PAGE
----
In the 30 minutes it’s taken me to open this new Word document, read through three articles about today’s post and decide how to start writing, I’ve gotten eight e-mails. My TweetDeck browser has alerted me to 17 new tweets from the 300-odd people I follow. My phone has rung once, my laptop has popped up a small window telling me my anti-virus software is updated and a text message has arrived on my mobile phone. If the research that says that a 30-second interruption leads to five minutes of recovery time is indeed true, the entire last half-hour has been lost, and then some.

And this was all after I decided what I was going to write about. That idea came from my RSS reader — yet another source for news — which pointed me to a blog post at Leadership Now about the overwhelming amount of information most workers experience in today’s “knowledge economy.” The post offers a snapshot of a new book on the topic called “Overload!” by Jonathan Spira, who runs a research firm that studies worker productivity in our constant-interruption world.

→We’re all well aware of how much phone calls and text messages can interrupt our work flow, what a time suck Twitter can become and how inexplicably irritating the “reply-all” button can be. But the numbers Spira trots out are still pretty jaw-dropping. He estimates that reading and processing 100 e-mail messages can occupy more than half of a worker’s day. For every 100 people who are unnecessarily copied on an e-mail, eight hours of productivity are lost. And he notes that one Fortune 500 company believes that an incapacitating amount of information costs the firm $1 billion in lost productivity per year.

Wrestling with this is fast becoming a serious issue for many companies and workplaces. The Economist recently noted that management consultants are spotting an opportunity for new clients — McKinsey & Co. has come up with three principles for business leaders to push to keep workers productive and not overly distracted. PriceWaterhouseCoopers has urged employees not to send e-mail over the weekends, so as to not create false urgency. French IT services company Atos Origin has a plan to go e-mail free in the next three years to cut down on what it calls the “information pollution.”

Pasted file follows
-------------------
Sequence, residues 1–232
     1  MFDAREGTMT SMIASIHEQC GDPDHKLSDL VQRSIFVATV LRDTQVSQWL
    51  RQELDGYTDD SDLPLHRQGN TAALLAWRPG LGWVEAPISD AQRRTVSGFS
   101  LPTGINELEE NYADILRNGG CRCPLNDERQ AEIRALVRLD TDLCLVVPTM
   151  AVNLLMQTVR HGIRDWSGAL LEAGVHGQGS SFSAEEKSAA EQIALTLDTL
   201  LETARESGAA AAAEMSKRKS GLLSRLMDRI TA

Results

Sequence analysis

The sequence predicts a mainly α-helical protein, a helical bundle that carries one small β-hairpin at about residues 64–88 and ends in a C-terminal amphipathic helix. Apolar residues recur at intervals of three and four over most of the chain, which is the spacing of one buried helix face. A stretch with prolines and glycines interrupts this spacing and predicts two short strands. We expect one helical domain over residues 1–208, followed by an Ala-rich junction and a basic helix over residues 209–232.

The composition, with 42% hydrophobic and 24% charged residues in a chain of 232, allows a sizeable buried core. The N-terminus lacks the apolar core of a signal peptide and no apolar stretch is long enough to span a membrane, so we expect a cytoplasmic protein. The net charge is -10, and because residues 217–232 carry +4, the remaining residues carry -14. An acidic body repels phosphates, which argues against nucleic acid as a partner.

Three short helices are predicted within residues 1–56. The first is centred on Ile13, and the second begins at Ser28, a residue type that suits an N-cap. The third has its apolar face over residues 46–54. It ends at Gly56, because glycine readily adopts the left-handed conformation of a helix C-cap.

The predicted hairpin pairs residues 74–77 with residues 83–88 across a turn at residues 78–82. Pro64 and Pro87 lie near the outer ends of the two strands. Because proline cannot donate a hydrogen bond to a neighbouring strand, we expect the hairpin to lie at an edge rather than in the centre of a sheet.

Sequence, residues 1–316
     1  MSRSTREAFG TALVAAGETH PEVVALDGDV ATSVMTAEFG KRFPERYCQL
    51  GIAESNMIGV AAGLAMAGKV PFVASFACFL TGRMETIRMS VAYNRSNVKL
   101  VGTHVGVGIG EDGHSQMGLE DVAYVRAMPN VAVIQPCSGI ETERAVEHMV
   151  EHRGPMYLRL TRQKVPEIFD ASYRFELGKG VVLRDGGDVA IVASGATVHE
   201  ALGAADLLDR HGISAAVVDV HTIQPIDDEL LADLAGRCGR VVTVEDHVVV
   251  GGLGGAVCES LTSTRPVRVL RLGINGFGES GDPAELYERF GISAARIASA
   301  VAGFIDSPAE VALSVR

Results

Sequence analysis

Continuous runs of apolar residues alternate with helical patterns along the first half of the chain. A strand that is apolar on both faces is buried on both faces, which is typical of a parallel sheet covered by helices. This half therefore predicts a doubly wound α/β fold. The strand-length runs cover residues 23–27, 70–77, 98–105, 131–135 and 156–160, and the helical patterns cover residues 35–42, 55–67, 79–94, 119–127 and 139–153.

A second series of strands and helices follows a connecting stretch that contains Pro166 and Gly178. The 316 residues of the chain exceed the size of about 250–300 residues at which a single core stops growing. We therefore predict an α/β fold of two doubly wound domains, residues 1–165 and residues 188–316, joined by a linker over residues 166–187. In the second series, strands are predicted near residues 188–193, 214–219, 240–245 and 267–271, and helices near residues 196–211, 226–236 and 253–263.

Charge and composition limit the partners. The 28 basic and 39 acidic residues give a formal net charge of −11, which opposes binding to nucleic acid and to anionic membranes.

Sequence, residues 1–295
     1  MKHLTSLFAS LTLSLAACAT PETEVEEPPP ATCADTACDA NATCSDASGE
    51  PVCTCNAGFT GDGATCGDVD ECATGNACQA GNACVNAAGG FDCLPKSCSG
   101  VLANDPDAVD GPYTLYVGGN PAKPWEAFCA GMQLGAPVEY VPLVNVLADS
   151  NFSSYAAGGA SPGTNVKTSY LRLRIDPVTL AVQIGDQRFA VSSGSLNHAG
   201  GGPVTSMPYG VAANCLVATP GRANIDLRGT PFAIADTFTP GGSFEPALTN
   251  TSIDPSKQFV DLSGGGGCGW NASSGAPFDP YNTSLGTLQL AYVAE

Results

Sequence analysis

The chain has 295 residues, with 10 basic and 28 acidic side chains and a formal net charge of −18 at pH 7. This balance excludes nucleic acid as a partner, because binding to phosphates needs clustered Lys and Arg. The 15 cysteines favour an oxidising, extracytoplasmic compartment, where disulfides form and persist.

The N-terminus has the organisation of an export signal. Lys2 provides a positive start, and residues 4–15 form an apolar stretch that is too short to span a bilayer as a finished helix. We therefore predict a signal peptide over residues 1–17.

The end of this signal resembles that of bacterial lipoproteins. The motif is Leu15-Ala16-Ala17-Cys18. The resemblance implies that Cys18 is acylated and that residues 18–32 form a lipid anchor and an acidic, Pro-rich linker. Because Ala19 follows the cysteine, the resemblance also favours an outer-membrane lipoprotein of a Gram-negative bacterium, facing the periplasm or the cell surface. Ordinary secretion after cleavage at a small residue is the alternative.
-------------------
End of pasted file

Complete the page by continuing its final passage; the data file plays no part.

If that weren’t enough to prove that the movement fighting the data deluge is gaining steam, there’s now a nonprofit group devoted to tackling the problem: The Information Overload Research Group was launched in February to “conquer information overload” and “restore sanity” to working professionals. A buzz word has been coined: Blue State Digital founder Clay Johnson has a site called “InfoVegan” — “a blog about information obesity, information diets and civic accountability.”

Illustration by The Washington Post

And for those who aren’t so worried about e-mail distractions but think PowerPoint is the world’s worst productivity killer, there is this recent news from Switzerland. An organization in that country is devoted to ending the use of that ubiquitous and maddeningly dull software. The man behind the effort (who, naturally, is also trying to promote his book, The PowerPoint Fallacy) claims that PowerPoint costs Switzerland 2.1 billion Swiss Francs each year. With a 100,000 signatures, he will be able to hold a national referendum banning the program.

Something tells me such an effort would do well in the United States, too, especially in the military. But since a national ban on PowerPoint is, well, unlikely — and your company dropping e-mail just as much so — there are a few things leaders can do in the meantime to help fight the war on info overload. Stop sending e-mails that say nothing more than “thanks!” Avoid the “reply-all” button whenever possible. Try using flip charts instead of PowerPoint. Reserve “thinking time” in your schedule, and encourage employees to log off at least every once in a while, no matter how foreign that idea may be in your office.

And of course, turn off the alerts for new e-mails and Twitter updates. Given that I’ve heard a beep for each of the 34 tweets that have come through since I started writing, that’s some advice I should heed myself.

McGregor writes PostLeadership, about leading in a changing world.